Home Educating at the End of the Year – What’s in Rotation?
This blog post does not contain affiliate links because we think you should borrow books from your library if you can, or get them second hand or from where ever you personally want to buy books. Not just amazon because it might make us some money. You can read more about our affiliate policy here.
In the last few weeks of 2020 (seriously – Bye 2020!) this is what we’re using in our home education.
For us, the end of November marks the end of the school year. This week we will attempt to metaphorically tie our school year up with a bow, finishing the last page in the maths workbook, the last handful of pages in the history book, the ending to that gothic horror story we started in October…
And then we will begin ‘reviewing’ all that we’ve learned this year, ideally whilst sipping hot cocoa under a heavy blanket.
Each year we focus on a different branch (or two) of science. We focus on a different period in history or the history of a specific location. But we generally end the year with these same video resources. The only new resource this year is What’s the Point of Maths? Netflix no longer shows The Story of Maths so this book will be our replacement for maths review.
When we fall down rabbit holes, I usually turn to The Royal Institution’s Christmas Lectures first. They’re amazing and we haven’t watched one we haven’t loved. Lucky for us, Marcus Du Sautoy has done a Christmas Lecture!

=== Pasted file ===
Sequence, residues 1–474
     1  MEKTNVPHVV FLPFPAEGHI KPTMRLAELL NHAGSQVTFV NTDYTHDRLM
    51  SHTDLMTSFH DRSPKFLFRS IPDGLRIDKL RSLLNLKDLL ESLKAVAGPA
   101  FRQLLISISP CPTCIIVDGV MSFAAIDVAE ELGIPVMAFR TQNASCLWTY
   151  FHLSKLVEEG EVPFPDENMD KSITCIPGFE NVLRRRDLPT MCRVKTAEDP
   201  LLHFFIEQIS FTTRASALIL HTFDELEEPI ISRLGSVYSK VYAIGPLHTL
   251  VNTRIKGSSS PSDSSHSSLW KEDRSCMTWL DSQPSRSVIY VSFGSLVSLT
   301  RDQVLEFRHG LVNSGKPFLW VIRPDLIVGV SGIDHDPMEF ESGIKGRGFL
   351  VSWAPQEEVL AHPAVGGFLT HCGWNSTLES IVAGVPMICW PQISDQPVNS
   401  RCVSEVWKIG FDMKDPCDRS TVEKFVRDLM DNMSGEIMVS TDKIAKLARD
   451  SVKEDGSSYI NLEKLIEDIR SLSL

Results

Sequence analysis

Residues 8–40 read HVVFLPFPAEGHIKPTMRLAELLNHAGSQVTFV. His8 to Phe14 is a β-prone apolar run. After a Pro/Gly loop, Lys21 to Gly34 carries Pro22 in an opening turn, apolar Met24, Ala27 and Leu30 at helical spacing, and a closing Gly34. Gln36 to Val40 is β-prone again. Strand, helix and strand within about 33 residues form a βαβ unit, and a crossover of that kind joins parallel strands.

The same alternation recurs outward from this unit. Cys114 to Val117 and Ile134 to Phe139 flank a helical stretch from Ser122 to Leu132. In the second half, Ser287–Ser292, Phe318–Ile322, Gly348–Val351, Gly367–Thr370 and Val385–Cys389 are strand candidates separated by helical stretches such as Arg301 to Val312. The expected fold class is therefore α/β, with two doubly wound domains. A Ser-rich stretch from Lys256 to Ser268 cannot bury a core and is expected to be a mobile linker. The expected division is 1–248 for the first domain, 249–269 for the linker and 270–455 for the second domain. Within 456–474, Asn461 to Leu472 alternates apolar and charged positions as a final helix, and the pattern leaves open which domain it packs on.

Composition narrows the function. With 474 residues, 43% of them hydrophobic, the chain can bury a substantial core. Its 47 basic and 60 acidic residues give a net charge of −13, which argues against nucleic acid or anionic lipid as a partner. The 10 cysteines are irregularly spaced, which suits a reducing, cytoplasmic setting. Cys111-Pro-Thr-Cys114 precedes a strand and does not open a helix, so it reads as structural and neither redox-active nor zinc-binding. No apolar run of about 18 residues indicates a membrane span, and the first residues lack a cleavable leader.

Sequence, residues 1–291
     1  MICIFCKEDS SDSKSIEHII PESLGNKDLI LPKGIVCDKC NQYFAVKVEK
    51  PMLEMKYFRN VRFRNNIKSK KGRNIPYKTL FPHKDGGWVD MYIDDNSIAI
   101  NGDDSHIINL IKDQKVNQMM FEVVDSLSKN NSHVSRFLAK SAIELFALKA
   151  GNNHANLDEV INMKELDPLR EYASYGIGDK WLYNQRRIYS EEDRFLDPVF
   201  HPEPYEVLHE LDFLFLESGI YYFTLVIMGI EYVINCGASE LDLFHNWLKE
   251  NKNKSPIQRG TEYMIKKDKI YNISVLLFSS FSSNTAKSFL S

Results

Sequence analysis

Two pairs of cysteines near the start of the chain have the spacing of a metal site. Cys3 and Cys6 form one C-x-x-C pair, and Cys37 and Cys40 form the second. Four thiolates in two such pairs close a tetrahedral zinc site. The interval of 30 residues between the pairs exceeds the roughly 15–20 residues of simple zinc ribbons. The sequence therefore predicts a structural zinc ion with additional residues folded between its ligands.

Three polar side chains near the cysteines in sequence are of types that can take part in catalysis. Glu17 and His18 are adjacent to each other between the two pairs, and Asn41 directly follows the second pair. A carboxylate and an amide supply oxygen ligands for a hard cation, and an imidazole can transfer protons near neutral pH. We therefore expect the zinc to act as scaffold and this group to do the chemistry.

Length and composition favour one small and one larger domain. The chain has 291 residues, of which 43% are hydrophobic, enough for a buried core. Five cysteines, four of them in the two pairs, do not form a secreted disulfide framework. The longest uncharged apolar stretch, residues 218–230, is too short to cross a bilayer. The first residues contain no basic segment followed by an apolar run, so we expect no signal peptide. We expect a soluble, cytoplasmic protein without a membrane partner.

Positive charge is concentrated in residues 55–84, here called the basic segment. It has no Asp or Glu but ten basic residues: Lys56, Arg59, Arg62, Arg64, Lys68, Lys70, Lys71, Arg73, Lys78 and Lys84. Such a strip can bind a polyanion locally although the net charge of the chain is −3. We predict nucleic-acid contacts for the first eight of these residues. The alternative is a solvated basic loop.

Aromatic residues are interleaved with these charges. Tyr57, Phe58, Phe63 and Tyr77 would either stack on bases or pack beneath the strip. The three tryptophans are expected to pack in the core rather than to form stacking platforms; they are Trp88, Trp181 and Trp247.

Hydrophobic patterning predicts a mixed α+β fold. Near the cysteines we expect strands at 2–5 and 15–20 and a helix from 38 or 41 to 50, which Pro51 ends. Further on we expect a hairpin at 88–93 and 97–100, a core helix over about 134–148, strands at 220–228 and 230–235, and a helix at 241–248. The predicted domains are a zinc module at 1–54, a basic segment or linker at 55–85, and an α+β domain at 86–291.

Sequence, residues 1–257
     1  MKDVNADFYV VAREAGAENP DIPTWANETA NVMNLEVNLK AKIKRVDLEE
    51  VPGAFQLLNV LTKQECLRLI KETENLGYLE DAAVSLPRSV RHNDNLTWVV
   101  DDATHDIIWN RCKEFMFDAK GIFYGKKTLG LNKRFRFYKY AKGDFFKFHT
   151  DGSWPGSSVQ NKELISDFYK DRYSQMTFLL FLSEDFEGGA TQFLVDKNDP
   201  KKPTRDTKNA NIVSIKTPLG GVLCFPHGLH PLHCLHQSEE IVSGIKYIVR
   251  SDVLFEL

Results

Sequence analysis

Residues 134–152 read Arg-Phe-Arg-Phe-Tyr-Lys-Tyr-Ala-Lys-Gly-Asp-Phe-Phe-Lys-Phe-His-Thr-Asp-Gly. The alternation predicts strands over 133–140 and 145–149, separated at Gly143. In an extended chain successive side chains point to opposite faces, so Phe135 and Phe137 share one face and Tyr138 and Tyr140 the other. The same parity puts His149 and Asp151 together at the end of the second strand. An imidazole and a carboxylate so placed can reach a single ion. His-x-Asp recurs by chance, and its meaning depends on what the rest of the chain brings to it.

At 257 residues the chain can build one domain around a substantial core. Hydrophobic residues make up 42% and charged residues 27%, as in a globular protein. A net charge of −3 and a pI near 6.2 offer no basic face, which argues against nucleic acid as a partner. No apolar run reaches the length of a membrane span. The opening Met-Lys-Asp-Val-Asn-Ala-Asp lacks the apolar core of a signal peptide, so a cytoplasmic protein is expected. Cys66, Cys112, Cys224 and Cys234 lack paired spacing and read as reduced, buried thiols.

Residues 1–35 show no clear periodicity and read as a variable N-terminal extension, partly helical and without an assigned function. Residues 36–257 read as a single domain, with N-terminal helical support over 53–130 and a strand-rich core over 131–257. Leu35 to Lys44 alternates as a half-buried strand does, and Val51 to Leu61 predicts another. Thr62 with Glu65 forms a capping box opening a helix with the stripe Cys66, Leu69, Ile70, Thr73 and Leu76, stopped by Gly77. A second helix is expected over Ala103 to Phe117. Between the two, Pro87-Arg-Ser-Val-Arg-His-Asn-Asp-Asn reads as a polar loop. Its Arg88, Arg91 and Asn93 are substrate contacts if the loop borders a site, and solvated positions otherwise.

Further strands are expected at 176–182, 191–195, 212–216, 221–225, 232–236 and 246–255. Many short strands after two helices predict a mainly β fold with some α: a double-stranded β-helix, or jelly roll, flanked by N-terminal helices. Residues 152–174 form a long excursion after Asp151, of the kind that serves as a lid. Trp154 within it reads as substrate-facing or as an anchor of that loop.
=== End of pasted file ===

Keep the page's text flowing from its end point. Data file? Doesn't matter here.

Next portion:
We use the same videos for review each year because each year we make new connections after having explored the subject more deeply or explored some new facet of it. I would normally throw in good literature from the library to round us out, but Pandemic Life has ruined me a bit and I suspect any good literature I can find on Audible will feature heavily this season.
While our eyes and ears are busy with documentaries, we like to keep our hands busy with handicrafts (once they’re finished with that cocoa of course). ALL the handicrafts come out for winter. Miss Seven likes needle felting, her loom, and designing and sewing bags and now doll’s clothes. It’s time to stock the scrap fabric!
Mister Eleven has designs on some mukluk plans we found online. He too likes sewing but prefers practical/ wearable items made from pleather, leather and wool scraps. Leather especially can be hard on the hands, but the right tools make it easier. He also likes to work with wood and, while I insist he does his whittling outside at bushcraft, he may sand or etch his projects with his pyrography pen.
In our house, we’re at the part of the year where we’re finishing up various things, and putting some other things aside to make room for seasonal resources.
Food Like Mine is part of the Children Just Like Me series by DK. It explains about many of the staple foods across the world, and contains a number of simple recipes. It kicked off my daughter’s love making sushi at home, which has become a weekend treat for all of us. (Luckily we have a great Chinese grocers nearby.)
My seven year old and I have been working through Life Cycles since we started back up in September, reading through a few pages a week. It’s a very more-ish book, and taps into her love of animals, nature, geography and science. (You can see example of the life cycles here.)